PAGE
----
Mail-Order Pharmacies See Growth in Customer Satisfaction, But Lag Behind Brick-and-Mortar Counterparts
Although mail-order pharmacies registered the most growth in overall pharmacy customer satisfaction from 2013, patients are still significantly more pleased with their interactions at brick-and-mortar pharmacies.
Although mail-order pharmacies registered the most growth in overall pharmacy customer satisfaction from 2013, patients are still significantly more pleased with their interactions at brick-and-mortar pharmacies, according to the J.D. Power 2014 US Pharmacy Study released today.
Based on responses from nearly 14,000 pharmacy customers who filled a new prescription or refilled an existing prescription in the 3 months prior to taking the survey, the eighth-annual report scored customer satisfaction with mail-order pharmacies and brick-and-mortar pharmacies—including supermarket pharmacies, mass merchandiser pharmacies, and chain drug stores—on a 1000-point scale.
Satisfaction with mail-order pharmacies was ranked across cost competitiveness, prescription delivery, prescription ordering process, and customer service experience, while satisfaction with brick-and-mortar pharmacies was measured according to prescription ordering, store, cost competitiveness, non-pharmacist staff, and pharmacist.
According to the report, overall customer satisfaction increased year-over-year by 12 points for chains (840) and 8 points for supermarkets (843) while remaining relatively stable for mass merchandizers (830) from last year’s results. Though overall satisfaction increased significantly by 25 points for mail-order pharmacies (822) from 2013, their brick-and-mortar counterparts still had a 25-point advantage in average customer satisfaction—a gap that remained stable year-over-year.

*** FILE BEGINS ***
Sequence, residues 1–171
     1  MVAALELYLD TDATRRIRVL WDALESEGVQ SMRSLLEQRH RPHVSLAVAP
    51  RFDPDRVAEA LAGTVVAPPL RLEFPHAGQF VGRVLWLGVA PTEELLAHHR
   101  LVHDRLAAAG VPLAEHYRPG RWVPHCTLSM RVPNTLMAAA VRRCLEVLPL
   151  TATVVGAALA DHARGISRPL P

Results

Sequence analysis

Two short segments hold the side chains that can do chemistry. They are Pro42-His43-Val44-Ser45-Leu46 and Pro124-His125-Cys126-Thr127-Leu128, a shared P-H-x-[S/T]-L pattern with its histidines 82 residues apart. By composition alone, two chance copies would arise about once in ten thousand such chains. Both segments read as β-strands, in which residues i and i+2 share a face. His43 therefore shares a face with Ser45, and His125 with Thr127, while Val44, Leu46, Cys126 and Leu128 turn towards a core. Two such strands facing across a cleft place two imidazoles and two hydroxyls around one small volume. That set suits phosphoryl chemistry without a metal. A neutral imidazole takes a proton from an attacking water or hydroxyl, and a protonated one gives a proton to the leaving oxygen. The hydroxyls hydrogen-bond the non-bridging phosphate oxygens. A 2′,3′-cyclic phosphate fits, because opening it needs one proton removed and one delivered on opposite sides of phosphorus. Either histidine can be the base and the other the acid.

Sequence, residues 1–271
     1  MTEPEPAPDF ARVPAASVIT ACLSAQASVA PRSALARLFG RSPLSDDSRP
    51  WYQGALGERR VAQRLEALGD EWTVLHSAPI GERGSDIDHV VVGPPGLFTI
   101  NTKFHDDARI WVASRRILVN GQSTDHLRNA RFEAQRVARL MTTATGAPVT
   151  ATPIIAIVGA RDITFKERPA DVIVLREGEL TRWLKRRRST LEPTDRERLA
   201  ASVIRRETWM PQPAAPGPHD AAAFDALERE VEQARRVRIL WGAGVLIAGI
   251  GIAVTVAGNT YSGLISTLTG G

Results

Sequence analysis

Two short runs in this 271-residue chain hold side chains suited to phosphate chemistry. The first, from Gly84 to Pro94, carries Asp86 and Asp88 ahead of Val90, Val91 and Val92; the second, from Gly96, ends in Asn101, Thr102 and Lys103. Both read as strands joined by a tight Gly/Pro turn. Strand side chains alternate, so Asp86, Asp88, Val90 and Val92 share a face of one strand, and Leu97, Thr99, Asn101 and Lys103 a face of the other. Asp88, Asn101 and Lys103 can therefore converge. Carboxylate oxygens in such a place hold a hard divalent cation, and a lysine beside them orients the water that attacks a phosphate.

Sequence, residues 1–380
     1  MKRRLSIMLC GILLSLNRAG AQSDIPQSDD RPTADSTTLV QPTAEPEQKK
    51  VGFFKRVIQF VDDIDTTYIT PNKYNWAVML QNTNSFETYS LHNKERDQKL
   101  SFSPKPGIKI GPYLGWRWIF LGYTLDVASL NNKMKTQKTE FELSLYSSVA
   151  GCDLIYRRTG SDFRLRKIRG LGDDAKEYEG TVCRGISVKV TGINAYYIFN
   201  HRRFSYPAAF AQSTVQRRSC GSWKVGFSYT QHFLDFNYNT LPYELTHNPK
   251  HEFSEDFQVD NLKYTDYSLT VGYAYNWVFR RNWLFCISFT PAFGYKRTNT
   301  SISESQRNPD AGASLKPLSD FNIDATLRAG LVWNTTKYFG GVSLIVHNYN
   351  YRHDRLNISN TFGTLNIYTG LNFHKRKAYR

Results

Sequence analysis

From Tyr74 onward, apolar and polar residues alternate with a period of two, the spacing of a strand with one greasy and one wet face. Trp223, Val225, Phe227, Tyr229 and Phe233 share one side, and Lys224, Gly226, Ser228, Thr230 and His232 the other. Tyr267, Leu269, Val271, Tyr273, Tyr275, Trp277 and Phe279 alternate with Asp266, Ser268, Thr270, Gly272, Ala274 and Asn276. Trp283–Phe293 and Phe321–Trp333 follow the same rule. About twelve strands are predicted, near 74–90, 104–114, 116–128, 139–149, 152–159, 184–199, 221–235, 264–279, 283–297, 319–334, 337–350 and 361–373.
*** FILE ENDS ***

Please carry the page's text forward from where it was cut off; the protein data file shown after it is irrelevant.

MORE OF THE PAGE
Among brick-and-mortar pharmacies, supermarket pharmacies received better marks on customer satisfaction (843) than chains (840) and mass merchandizers (830). Publix (886) ranked the highest in the supermarket segment for the fifth consecutive year, while Good Neighbor Pharmacy (884) earned top marks in the chain category, and Sam’s Club (865) scored the best among mass merchandizers.
“For brick-and-mortar pharmacies, ensuring pharmacists are directly interacting with customers is one of the keys to delivering a satisfactory experience,” said Rick Johnson, senior director of the health care practice at J.D. Power, in a press release. “However, only 1 in 25 customers initiate a conversation with a pharmacist in a brick-and-mortar store, so it’s essential for staff to ask customers if they would like to speak with a pharmacist.”
For the sixth consecutive year, Kaiser Permanente Mail Pharmacy (865) ranked the highest in the mail-order segment, once again followed by Humana Right SourceRx (862) and Walgreens Mail Service (844).
“For mail-order pharmacies, it’s critical that customers have easy access to a pharmacist through such channels as a phone number that is easy to access and online chat,” Johnson said in the press release. “In (this) segment, just 1 in 10 customers interact with a pharmacist, and satisfaction is high among those who use the chat feature.”